"Mr. Persus came to David Delaney and pressed for payment of the notes," the girl continued rapidly. "David couldn't pay. He had not the money. Then, that man insisted that David worked the notes out. David was willing to do that in legitimate work, but refused to make plates for banknote printing." The girl hesitated. "I was away for a time and during my absence Mr. Persus induced David to try his hand on a plate—that one." She pointed to the plate Paull had placed on the desk.

"When I returned I was able to convince David that he was making a mistake. He wouldn't destroy the plate, but he covered it with a sheet of copper, concealing the etching."

"Good!" Paull interrupted. "Now, m'dear. Get on to the night of the murder.

"I left the office at five o'clock, as I said." The girl spoke dully. "David came with me and we had dinner, together. I had to make a call and we arranged that he was to come back here and finish the illustration for Bill's story. I was to call for him soon after half-past seven and we intended to go to the pictures."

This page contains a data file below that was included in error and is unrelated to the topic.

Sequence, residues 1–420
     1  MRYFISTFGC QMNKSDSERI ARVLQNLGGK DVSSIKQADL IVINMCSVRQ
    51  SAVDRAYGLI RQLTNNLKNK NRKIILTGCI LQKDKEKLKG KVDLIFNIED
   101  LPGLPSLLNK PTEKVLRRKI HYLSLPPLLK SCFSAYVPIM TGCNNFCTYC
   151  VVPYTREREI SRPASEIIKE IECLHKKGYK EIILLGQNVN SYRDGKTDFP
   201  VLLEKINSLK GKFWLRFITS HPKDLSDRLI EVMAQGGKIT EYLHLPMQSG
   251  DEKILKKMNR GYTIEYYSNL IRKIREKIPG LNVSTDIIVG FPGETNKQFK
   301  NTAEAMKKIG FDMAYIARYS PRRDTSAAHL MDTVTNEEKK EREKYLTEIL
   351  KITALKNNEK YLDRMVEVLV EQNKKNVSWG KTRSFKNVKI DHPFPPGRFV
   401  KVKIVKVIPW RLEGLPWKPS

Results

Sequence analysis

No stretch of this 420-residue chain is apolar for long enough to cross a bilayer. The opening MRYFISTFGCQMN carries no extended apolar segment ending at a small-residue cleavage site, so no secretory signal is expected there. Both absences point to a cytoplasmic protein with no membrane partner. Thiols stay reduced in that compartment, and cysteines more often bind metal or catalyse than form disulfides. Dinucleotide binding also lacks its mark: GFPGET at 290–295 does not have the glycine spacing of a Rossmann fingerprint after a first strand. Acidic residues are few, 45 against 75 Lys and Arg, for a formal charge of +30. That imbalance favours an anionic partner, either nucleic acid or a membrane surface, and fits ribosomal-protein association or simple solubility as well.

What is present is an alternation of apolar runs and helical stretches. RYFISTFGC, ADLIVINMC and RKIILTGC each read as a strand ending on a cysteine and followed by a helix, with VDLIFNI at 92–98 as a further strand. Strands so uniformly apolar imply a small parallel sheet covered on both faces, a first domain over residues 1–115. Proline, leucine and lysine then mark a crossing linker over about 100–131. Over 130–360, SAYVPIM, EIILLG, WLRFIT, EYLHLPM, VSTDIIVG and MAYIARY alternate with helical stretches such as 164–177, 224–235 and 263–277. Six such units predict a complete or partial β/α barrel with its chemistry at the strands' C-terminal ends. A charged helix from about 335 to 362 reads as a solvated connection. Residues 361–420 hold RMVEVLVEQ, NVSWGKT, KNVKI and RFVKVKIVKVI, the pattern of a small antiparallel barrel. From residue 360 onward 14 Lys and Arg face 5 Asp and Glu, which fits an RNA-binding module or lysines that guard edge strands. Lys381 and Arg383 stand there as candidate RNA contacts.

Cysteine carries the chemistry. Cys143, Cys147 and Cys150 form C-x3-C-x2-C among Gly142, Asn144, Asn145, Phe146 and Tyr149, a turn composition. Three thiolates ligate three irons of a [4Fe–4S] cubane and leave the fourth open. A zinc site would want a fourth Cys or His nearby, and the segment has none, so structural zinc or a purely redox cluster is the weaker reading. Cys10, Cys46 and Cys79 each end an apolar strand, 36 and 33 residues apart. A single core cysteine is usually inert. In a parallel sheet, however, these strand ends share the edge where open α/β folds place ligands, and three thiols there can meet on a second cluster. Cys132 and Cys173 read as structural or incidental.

"You did come back here?" Paull questioned.

"Yes." Maude Anstey hesitated. "To find—"

"A man seated in the chair before David Delaney's desk—dead?"

The quick opening of the office door prevented the girl answering. Two men and a woman entered the office. Immediately the woman passed the counter she ran to Bill Sinclair.



"Where have you been to?" the young author questioned, anxiously. Before she could answer Maude Anstey had run to one of the men passing the counter.